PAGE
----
Today SAP announced the launch of their blockchain cloud platform. Initially, the platform supports Hyperledger Fabric and MultiChain, with plans to support more.
The company plans to be technology-agnostic. Perhaps they selected these two technologies because of existing integrations. For example, Deutsche Bahn, which uses Hyperledger Fabric, told Ledger Insights that they’d integrated Fabric with SAP.
Last week Commerzbank announced they’d integrated R3’s Corda with SAP, but Corda is not yet supported in the SAP Cloud Platform.
SAP surveyed their Blockchain community and found 84 percent of members have started exploring blockchain and 3 percent have live projects. In the same study, 63% of users identified supply chain and IOT as the most promising use case. The second most popular, legal and regulatory, garnered only 19% of the votes.
With SAP’s new offering, customers can extend their existing solutions by adding blockchain capabilities. Or they can initiate a new blockchain network.
The Enterprise software company announced that it’s working with 65 clients on blockchain use cases. They’re inviting others to participate in the pilots. These initiatives include:
- Transportation Management: for all transport modes; sellers, buyers, banks and authorities share and sign documents electronically
- Global track and trace
- Advanced track and trace for pharmaceuticals
- Farm to consumer traceability
- Payment fraud prevention: a shared source of data for buyers and suppliers.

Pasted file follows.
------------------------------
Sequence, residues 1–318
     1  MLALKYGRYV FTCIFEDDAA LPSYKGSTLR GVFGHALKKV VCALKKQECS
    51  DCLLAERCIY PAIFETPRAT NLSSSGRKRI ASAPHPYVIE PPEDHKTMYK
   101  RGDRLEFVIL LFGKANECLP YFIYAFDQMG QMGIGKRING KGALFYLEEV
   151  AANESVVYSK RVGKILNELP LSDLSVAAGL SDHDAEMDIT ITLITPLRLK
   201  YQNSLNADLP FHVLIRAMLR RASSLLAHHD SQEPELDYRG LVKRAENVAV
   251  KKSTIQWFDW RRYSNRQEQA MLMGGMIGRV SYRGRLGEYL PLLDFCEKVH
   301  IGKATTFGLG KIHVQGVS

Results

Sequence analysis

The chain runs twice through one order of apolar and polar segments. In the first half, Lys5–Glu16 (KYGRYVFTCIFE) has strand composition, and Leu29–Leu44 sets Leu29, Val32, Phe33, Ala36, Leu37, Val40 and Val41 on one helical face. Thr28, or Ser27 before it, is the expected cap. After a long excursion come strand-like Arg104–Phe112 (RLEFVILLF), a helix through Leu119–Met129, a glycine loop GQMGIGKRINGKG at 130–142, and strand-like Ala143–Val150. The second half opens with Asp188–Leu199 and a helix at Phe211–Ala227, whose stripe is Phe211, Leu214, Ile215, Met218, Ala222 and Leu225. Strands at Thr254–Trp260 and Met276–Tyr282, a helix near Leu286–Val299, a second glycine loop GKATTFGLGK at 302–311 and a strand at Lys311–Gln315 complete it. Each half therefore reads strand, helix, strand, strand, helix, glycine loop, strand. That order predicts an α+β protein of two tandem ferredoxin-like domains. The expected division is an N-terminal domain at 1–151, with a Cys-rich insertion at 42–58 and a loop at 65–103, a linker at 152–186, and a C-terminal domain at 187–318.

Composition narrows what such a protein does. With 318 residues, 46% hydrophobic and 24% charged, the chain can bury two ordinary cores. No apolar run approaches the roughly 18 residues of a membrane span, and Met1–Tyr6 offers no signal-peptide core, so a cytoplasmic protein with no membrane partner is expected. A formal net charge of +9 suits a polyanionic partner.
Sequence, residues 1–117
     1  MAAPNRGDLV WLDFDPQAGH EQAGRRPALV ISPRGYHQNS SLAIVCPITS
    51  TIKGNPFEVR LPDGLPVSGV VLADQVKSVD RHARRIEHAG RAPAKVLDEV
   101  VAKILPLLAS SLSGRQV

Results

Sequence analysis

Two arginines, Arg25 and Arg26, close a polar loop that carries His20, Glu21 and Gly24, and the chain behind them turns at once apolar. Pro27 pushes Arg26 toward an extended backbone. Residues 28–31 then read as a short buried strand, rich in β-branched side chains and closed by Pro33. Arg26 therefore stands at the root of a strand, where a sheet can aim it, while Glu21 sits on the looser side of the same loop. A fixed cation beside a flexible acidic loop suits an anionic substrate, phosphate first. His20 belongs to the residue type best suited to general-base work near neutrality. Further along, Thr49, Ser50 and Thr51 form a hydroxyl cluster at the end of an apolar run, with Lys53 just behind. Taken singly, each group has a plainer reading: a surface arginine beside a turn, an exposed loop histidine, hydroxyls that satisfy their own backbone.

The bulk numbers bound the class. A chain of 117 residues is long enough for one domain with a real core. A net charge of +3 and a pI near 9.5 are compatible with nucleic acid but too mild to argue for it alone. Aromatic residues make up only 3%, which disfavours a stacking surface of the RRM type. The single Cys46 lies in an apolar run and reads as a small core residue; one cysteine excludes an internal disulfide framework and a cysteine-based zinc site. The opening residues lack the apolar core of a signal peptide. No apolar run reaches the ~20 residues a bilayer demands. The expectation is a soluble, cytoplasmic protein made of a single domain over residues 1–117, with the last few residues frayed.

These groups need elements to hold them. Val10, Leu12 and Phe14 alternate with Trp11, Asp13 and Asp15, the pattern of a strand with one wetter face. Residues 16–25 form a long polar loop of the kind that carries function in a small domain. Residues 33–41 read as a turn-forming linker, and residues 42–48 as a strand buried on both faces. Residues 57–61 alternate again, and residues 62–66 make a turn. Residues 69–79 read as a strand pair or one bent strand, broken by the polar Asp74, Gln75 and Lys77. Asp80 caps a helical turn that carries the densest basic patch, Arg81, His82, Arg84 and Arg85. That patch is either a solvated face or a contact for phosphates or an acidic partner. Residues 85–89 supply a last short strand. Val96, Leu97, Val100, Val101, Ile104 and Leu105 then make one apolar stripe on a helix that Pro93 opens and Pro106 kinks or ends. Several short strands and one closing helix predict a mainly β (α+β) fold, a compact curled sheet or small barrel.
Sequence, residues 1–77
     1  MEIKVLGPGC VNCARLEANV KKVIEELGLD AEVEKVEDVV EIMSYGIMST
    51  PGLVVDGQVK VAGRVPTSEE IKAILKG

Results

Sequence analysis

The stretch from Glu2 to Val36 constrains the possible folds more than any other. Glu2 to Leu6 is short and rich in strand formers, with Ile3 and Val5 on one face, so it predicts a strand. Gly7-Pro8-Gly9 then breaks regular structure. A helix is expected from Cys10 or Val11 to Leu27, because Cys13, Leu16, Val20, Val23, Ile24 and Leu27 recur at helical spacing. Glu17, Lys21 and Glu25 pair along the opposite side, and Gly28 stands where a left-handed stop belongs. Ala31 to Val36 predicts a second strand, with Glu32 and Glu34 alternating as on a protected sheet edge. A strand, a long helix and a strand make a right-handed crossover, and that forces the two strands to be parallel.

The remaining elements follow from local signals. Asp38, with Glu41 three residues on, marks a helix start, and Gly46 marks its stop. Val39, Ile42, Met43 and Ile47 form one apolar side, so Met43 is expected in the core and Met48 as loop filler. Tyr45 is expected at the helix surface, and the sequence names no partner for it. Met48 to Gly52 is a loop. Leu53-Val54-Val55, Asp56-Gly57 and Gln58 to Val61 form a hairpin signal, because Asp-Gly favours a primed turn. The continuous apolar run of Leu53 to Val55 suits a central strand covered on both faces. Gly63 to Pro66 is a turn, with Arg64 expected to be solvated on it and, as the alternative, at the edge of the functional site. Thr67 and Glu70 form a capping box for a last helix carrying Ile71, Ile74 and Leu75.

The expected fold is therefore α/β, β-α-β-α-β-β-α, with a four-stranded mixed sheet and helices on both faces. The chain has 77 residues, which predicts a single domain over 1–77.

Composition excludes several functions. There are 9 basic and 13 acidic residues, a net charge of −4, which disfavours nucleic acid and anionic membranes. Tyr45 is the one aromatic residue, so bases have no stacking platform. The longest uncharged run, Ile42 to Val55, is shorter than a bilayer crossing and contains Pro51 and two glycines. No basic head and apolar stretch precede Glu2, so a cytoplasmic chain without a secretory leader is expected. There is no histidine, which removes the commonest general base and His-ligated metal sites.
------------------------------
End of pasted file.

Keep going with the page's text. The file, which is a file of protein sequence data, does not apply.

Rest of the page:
In addition to the co-innovation program status, SAP announced a new Blockchain consortium. Apart from SAP, the initial members are Airbus, Amkor, Flex, Hewlett Packard Enterprise, Intel, and UPS.
One of the most significant tasks for the alliance is to develop new standards.
No radical changes?
In today’s announcement, one of the comments by SAP was: “there are no radical changes for an organization’s IT infrastructure in sight.”
Not everyone shares that view. A good example is RiskBlock, the insurance alliance. At first, they assumed their insurer members would not want to store policy data on the blockchain – just hashes of the data. So insurers would retain their back-office systems and just keep a shared hash on the blockchain.
However, after a few months, it became clear that US insurers are quite keen to replace their policy management systems with a shared blockchain infrastructure.
Why? Because in the US they don’t store old policies internally, they use an external service. And retrieving old data can cost them up to $30m a year. So the motivation is money saving.
Many of SAP’s clients are involved in supply chains as customers or suppliers. The signs are that industry could be more fragmented. So it remains to be seen how quick and how radical the changes might be.